Maker’s mark of Edward Feline
The arms are those of Grey impaling Booth for Henry Grey, 4th Earl of Stamford (1715-1768) and his wife Mary, daughter of George Booth, 2nd Earl of Warrington.
Height: 3cm, 1.1in.
Width: 27cm, 10.6in.
Depth: 20cm, 7.8in.
Weight: 841g, 27oz
Henry Grey, 4th Earl of Stamford (1715-1768) By descent to Catherine, Lady Grey and Sir John Foley-Grey Catherine, Lady Grey and Sir John Foley-Grey; Christie's London, 20 April 1921, lot 100 Christie's London, 12 June 2007, lot 57 Christie's New York, January 26 2010, lot 146Silversmith Biography
Son of Peter 'Fellen' of St. Martin's in the Fields tailor, apprenticed to Augustine Courtauld 31 March 1709. Free, 6 April 1721. An 'Edwards Pheline' married, 21 April 1720, Renee Barbut of the parish of St. Martin's, daughter of John Barbut (q.v.), at West Street Huguenot Church, to which 'Edward Feline' signs as witness. Two marks (Sterling and New Standard) entered as largeworker, 25 September 1720. Address: Rose Street, Covent Garden. Third mark, 15 June 1739. Address: King Street, Covent Garden. Livery, April 1731. His son Edward was apprenticed to him 3 April 1745. Feline was presumably dead by 15 May 1753, when his widow Magdalen entered her first mark, at the same address.Description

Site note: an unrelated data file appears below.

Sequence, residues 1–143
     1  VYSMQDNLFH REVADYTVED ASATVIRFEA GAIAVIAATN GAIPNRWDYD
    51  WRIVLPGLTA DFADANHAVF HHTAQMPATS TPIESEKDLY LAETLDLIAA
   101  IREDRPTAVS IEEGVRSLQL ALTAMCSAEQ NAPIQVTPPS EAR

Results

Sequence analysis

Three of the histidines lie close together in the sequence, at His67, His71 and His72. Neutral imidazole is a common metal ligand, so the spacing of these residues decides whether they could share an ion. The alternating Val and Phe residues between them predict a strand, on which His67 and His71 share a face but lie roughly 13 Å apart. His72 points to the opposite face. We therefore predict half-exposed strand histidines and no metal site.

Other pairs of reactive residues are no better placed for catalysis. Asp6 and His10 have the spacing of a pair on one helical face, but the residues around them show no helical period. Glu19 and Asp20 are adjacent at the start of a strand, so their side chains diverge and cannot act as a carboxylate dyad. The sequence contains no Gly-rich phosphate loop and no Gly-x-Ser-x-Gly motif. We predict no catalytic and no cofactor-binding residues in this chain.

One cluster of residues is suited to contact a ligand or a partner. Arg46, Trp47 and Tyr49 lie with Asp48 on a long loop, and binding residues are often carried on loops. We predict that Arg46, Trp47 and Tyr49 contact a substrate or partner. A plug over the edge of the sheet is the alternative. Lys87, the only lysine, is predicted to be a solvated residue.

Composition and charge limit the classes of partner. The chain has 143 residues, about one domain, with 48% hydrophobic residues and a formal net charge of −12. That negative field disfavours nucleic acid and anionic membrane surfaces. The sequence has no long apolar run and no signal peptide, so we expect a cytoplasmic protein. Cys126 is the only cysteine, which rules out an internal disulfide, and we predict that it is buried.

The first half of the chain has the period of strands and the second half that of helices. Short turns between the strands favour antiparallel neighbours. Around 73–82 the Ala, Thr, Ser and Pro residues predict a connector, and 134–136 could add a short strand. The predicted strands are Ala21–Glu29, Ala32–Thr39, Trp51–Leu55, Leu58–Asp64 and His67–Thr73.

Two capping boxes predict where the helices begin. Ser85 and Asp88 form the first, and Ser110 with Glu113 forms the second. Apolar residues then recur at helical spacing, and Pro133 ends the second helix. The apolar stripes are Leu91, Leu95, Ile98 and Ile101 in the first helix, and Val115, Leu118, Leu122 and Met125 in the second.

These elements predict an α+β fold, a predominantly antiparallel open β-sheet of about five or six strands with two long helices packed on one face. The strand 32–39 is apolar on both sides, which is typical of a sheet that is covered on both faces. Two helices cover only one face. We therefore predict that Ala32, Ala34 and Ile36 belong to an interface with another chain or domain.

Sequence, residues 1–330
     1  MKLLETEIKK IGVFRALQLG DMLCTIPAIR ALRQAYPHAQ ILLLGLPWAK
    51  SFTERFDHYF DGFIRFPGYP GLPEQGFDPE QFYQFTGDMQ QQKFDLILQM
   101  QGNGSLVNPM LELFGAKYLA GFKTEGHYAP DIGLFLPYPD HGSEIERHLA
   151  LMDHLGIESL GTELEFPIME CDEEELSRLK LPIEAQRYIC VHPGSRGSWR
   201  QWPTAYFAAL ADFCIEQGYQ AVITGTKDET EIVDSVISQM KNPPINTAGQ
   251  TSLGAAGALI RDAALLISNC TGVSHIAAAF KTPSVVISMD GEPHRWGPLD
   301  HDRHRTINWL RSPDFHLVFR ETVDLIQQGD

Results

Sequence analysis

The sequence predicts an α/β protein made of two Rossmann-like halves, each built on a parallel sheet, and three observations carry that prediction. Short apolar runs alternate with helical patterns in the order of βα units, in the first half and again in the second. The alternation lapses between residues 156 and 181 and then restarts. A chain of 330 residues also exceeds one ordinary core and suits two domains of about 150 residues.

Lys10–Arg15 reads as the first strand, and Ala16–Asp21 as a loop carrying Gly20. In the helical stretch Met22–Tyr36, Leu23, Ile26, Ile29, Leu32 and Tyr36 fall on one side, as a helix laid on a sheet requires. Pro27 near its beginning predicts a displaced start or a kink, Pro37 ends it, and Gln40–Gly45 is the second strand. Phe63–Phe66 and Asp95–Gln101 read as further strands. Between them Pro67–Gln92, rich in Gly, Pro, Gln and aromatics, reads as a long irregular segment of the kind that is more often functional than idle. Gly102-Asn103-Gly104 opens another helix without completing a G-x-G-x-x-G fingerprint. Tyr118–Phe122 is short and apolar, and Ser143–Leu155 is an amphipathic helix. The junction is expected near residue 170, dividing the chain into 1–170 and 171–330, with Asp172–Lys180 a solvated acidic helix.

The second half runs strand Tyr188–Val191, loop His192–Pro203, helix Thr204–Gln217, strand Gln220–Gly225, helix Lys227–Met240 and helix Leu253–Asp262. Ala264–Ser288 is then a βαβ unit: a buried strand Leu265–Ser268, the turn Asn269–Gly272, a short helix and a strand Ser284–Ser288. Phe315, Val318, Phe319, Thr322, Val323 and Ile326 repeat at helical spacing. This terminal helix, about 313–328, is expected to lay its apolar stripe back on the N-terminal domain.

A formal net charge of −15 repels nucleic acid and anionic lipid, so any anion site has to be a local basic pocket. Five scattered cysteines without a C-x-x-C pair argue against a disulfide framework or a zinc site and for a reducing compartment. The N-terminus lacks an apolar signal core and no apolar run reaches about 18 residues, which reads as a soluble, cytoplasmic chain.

Rectangular, on four ball-and-claw feet, the openwork border with grapevine, the centre engraved with an Earl's coronet.
The salver is one of a pair; the other is engraved with the arms of George Booth, 2nd Earl of Warrington (1675-1758), father-in-law of Henry Gray, 4th Earl of Stamford. The two sold as consecutive lots at Christie's London, 12 June 2007, lots 56-57, and together at Christie's London in 1921.
The existence of pairs, or very similar items, engraved with the arms of the Earl of Warrington on one and the arms of his daughter and son-in-law on the other is not unique to the present example. Two salvers by James Schruder, 1741 (J. Lomax and J. Rothwell, Country House Silver from Dunham Massey, no. 37 and no. 69) are similarly engraved to this salver and its pair.
The Schruder salvers are each flat chased with rocaille, which is out of keeping with Warrington's usual preference for plain silver. This has led Lomax and Rothwell to suggest that the order may have come from the Earl and Countess of Stamford, with one kept for their use and one given to the Countess' father, (op. cit., p. 134) which was probably also the case with this salver.
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